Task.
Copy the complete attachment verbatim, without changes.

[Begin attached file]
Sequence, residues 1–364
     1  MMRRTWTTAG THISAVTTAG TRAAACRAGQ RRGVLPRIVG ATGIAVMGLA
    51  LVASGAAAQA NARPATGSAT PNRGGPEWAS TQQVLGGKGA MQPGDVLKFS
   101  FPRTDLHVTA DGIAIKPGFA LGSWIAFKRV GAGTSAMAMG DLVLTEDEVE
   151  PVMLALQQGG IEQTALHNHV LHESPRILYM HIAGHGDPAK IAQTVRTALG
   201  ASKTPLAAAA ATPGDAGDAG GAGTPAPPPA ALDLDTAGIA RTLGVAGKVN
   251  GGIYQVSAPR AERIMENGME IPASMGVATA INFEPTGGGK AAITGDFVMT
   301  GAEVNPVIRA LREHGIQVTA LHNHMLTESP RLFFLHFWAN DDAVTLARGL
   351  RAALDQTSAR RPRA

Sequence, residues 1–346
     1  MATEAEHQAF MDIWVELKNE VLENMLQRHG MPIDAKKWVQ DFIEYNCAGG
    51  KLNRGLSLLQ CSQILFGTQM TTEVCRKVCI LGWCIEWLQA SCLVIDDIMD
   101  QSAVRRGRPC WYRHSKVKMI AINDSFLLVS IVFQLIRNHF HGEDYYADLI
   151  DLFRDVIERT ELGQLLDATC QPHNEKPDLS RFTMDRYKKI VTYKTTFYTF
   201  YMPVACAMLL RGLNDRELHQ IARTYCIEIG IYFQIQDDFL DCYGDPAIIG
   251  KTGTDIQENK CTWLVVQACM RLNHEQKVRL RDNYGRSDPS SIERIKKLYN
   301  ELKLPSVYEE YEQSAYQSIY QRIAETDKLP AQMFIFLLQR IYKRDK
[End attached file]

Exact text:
Sequence, residues 1–364
     1  MMRRTWTTAG THISAVTTAG TRAAACRAGQ RRGVLPRIVG ATGIAVMGLA
    51  LVASGAAAQA NARPATGSAT PNRGGPEWAS TQQVLGGKGA MQPGDVLKFS
   101  FPRTDLHVTA DGIAIKPGFA LGSWIAFKRV GAGTSAMAMG DLVLTEDEVE
   151  PVMLALQQGG IEQTALHNHV LHESPRILYM HIAGHGDPAK IAQTVRTALG
   201  ASKTPLAAAA ATPGDAGDAG GAGTPAPPPA ALDLDTAGIA RTLGVAGKVN
   251  GGIYQVSAPR AERIMENGME IPASMGVATA INFEPTGGGK AAITGDFVMT
   301  GAEVNPVIRA LREHGIQVTA LHNHMLTESP RLFFLHFWAN DDAVTLARGL
   351  RAALDQTSAR RPRA

Sequence, residues 1–346
     1  MATEAEHQAF MDIWVELKNE VLENMLQRHG MPIDAKKWVQ DFIEYNCAGG
    51  KLNRGLSLLQ CSQILFGTQM TTEVCRKVCI LGWCIEWLQA SCLVIDDIMD
   101  QSAVRRGRPC WYRHSKVKMI AINDSFLLVS IVFQLIRNHF HGEDYYADLI
   151  DLFRDVIERT ELGQLLDATC QPHNEKPDLS RFTMDRYKKI VTYKTTFYTF
   201  YMPVACAMLL RGLNDRELHQ IARTYCIEIG IYFQIQDDFL DCYGDPAIIG
   251  KTGTDIQENK CTWLVVQACM RLNHEQKVRL RDNYGRSDPS SIERIKKLYN
   301  ELKLPSVYEE YEQSAYQSIY QRIAETDKLP AQMFIFLLQR IYKRDK